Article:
The folks in the front of the room stared with a forced intensity at (what must have been) the 23rd straight slide showing data about website performance. Their glazed eyes would have been entirely evident if the speaker wasn’t so intently focused on pointing out the change in bounce rate between August and July. In the back of the room, Brian wasn’t able to summon the energy to care. The gentle hum of laptops, dim lighting, and endless onslaught of data practically begged his mind to wander...
Specificity is the soul of narrative
This is a frequently-repeated lesson from John Hodgman's excellent podcast Judge John Hodgman. His fake Internet courtroom demands that its litigants share specific information and stories to bring their arguments to life.
Unfortunately, this lesson is often lost when people use data to communicate. Which is not to confuse detail for specificity. Detail — at least in the data communication context — simply means the access to more and more granular data. Specificity requires something more: delivering information that is familiar to your audience, letting them connect with the subject matter at a more personal level. The data is no longer an abstraction, it is something tangible and real.
How do we deliver more specificity in our data stories? Here are three ideas:
Remind your audience of the people behind the data
Begin with an individual story
Explore individual patterns and behaviors
1. Remind your audience that we are talking about individual people or things.
Data is an imperfect reflection of activity in the real world. You want to find ways to emphasize the connection between real people and the data points shown on the screen. A few examples:
In one memorable meeting, I was demonstrating our workforce analytics solution to a prospective client. I was showing the distribution visualization (above) and was careful to roll over individual people to help explain its meaning. As I was highlighting an employee with 40 years of experience at their company, an executive burst out: “Wait a second, that woman was my elementary school teacher.” The data came to life for him that day.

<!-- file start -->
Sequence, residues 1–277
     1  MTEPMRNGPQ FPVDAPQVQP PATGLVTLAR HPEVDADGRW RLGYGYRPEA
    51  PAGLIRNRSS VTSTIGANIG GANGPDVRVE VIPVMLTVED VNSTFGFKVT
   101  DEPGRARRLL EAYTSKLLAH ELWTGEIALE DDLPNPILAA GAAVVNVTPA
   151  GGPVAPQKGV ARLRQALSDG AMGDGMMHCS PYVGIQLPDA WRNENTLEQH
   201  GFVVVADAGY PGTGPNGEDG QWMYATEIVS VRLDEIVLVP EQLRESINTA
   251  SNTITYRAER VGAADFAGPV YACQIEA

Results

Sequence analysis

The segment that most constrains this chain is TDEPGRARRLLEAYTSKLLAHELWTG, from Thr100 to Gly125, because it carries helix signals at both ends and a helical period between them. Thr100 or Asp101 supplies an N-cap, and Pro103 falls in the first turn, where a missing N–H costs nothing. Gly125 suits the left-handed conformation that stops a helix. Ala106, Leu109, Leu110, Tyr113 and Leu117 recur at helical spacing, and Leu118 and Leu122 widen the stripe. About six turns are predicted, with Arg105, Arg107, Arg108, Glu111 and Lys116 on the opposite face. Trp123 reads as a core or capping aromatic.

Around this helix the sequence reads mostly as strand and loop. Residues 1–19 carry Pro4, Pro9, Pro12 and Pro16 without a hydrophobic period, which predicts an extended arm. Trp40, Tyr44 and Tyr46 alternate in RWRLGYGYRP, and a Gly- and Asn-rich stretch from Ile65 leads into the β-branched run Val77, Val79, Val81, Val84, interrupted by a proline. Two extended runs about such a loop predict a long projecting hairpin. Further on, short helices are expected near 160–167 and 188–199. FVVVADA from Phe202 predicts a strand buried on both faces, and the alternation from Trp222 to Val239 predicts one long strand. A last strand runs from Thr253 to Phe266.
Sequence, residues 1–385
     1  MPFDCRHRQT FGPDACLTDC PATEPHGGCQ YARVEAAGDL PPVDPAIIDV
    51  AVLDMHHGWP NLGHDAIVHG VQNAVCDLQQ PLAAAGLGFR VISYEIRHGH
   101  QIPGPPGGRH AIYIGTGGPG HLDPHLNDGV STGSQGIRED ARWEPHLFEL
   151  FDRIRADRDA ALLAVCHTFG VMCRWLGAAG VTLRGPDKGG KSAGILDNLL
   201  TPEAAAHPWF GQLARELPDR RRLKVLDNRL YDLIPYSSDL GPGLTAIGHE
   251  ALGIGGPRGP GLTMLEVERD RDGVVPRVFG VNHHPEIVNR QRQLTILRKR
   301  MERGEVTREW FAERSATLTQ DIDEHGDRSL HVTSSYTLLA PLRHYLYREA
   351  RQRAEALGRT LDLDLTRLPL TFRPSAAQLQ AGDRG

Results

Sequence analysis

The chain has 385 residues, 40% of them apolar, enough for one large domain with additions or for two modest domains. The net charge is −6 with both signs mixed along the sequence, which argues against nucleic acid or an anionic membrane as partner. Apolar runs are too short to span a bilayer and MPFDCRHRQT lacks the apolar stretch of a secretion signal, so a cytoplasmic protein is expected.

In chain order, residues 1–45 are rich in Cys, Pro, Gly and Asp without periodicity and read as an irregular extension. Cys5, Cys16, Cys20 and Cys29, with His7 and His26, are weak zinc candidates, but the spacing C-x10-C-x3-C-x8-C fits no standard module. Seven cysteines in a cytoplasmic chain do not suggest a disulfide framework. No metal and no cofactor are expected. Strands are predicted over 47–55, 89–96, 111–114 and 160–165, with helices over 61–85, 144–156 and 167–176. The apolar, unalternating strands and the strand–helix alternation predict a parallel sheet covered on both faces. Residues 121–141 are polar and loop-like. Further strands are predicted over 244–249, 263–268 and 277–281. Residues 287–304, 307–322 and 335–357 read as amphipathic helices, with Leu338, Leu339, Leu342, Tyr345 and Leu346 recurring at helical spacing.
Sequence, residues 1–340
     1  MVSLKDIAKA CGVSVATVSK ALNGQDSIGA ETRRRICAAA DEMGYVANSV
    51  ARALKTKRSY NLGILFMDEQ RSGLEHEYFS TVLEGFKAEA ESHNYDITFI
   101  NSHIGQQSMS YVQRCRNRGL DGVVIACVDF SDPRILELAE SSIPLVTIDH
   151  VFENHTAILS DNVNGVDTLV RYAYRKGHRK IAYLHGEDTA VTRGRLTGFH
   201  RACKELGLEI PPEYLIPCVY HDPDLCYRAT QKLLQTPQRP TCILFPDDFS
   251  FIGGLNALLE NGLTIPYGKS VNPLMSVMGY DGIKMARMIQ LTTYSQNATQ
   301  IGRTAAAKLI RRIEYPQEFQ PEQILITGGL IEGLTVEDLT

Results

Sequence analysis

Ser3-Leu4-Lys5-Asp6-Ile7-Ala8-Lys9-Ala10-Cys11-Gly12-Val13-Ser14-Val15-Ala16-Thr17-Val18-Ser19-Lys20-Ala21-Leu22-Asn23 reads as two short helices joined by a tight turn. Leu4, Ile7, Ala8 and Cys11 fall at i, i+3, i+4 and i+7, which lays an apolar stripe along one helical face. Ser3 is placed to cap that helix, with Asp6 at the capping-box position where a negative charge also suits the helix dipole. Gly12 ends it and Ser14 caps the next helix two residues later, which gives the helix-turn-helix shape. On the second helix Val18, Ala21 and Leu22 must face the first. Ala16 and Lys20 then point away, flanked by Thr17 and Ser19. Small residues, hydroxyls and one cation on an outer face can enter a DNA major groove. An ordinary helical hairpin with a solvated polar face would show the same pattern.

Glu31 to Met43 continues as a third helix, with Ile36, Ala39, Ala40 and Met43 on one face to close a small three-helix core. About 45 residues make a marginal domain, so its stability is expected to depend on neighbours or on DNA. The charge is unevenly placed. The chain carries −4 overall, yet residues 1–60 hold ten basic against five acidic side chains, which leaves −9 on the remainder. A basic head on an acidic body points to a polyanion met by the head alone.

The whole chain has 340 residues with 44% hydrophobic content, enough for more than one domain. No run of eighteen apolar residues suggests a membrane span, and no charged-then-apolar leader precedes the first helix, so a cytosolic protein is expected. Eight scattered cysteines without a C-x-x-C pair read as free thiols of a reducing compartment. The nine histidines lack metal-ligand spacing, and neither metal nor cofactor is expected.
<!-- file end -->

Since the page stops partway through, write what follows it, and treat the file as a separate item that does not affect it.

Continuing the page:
2. Begin with individual stories before showing the big picture.
Your data story may be on a more banal topic, but there are still ways to show the individual stories. What does a prototypical conversion in your sales pipeline look like? What is the financial impact of an individual patient going to an abnormally expensive healthcare provider?
3. Provide your audience with the ability to dive into many individual patterns and behaviors.
One compelling anecdote may hook your reader; the ability to see many stories can provide a powerful tool for analysis.
A long time ago we introduced the concept of customer flashcards — visualizations that tell the story of individual people or things, create a language for reading behavior patterns, and the opportunity to flip through many of these visuals. Finding patterns doesn’t have to be the exclusive domain of machine learning — as humans, we are pretty good at seeing and interpreting patterns ourselves.
Here’s an example from a project we did to see patterns of online learning. Once we found an effective way to show how students took courses, we quickly identified common behaviors that would have been lost in the typical summarization of data.
Data storytelling is still finding its fundamental principles and discovering how effectively impact readers. Bringing specificity into these data stories may just be a bedrock principle that we can adopt from a wise Internet judge.